$dsprop = Get-SCCustomProperty -Name Datastore
                $DataStore = Get-SCCustomPropertyValue -CustomProperty $dsprop -InputObject $VM
                $Location = $VM.location
                # If using CSV connected to hosts.. i.e. iSCSI and FC
                IF ($Location -like "C:\ClusterStorage*")
                    {
                    $DS = $location.Split("{\}")[2]
                    }
                # For SMB3 Shares - modify as required
                IF ($Location -like "\\*")
                    {
                    $DS = $location.Split("{\}")[3]
                    }
                IF ($DS -eq $null){$DS = "Local Storage"}
                IF ($DS -like "Volume*"){$DS = "iSCSI_" + $DS}
                IF ($DS -like "Disk0*"){$DS = "SMB01P01_" + $DS}
                IF ($DS -like "SMB02P02_Disk0*"){$DS = $DS}
                IF ($DS -like "*Hyper-V"){$DS = "SMB3_" + $DS}
                
                # Update the property
                IF ($DataStore.Value -ne $DS) 
                {
                    Write-Output "DataStore for $VM is out of date... Setting to '$DS'"
                    Set-SCCustomPropertyValue -CustomProperty $dsprop -InputObject $VM -Value $DS
                    $VMSR += $VM
                }
            }
            ELSE
            {
                Write-Output "$($VM.Name) has a job running - skipping."
            }
        }
        IF($VMSR.count -gt 0)
        {
            Write-Output "Refreshing $(VMSR.count) VMs"
            ForEach ($VMR in $VMSR)
            {
                Write-Output "Refreshing VM "$VMR.Name
                Read-SCVirtualMachine -VM $VMR
            } 
        }
        ELSE
        {
            Write-Output "No VMs to update"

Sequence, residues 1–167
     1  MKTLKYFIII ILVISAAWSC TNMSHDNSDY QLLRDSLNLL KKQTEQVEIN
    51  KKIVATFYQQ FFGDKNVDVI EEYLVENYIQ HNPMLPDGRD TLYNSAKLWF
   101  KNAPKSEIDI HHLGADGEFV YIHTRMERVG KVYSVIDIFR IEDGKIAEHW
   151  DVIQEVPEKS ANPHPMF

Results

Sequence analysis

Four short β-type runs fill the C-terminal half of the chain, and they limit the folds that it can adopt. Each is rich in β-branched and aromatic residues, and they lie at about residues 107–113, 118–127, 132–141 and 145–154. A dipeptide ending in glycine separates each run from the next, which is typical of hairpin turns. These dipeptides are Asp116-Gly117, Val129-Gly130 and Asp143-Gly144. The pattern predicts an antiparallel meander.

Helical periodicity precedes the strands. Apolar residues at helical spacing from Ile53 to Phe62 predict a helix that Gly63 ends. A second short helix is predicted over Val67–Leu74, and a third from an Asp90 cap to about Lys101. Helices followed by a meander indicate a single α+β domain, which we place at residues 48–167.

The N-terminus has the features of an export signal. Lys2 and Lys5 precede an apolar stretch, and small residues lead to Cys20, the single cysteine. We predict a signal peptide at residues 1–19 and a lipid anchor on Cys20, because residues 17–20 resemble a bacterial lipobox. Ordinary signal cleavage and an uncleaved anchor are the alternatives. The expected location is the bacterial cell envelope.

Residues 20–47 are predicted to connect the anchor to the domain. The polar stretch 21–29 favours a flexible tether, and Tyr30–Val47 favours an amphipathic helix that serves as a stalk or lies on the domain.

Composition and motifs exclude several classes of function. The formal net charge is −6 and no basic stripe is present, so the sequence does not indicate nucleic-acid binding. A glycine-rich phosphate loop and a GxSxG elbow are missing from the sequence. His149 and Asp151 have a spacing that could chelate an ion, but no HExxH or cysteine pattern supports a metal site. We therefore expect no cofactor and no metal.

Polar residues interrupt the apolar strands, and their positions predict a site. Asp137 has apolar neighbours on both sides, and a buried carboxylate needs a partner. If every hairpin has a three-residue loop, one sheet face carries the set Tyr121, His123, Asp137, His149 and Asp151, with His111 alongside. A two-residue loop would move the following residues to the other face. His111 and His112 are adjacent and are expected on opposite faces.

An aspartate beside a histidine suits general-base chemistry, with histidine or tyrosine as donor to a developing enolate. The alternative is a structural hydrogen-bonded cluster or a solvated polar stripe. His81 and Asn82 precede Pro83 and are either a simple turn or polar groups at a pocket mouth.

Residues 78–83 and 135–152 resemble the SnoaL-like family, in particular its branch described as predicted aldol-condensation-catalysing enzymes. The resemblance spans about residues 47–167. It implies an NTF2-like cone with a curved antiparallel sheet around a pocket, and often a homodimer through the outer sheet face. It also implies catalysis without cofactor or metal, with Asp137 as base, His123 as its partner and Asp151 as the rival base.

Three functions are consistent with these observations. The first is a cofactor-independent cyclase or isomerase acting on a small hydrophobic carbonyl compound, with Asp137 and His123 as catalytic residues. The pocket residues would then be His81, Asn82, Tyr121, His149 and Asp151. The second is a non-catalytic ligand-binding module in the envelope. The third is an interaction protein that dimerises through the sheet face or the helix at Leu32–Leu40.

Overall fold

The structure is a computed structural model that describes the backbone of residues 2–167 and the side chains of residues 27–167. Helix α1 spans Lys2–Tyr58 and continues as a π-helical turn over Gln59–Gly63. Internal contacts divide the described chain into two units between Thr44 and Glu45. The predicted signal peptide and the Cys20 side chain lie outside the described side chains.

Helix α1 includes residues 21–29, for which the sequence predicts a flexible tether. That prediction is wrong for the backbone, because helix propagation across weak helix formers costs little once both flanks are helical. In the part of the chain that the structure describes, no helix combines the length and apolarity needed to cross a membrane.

}
    }
}

 

Yes I know, not the worlds most efficient workflow. But I didn’t have the time to optimize the script and this is more about demonstrating how easy it is to use SMA to schedule your fabric management tasks..

 

Step 4:

Hit the “Test” button to kick off the Runbook.

After a minute or two you should see an output similar to the below.

image

 

The SCVMM jobs view will show a Set-SCCustomPropertyValue and a Read-SCVirtualMachine job.

Note the job owner is your SMA Runbook Servers service account.

image

The Test VM custom properties before:

image

Test VM custom properties after:

image

Press “Test” button again and output confirms the workflow has nothing to do..

image

 

Step 5:

Publish the Runbook and Schedule

Hit the “Publish” button

image

and then go to the Schedule tab and add a new schedule

Alternatively use and existing schedule from your assets

image

Configure the schedule to your desired time. Mine is at 4am.

image

 

Step 6:

Come back tomorrow and review your handiwork..

 

Hope this little demo demonstrates how simple it is to leverage automation in your environments freeing up your time to focus on the fun tasks.

Enjoy!
Dan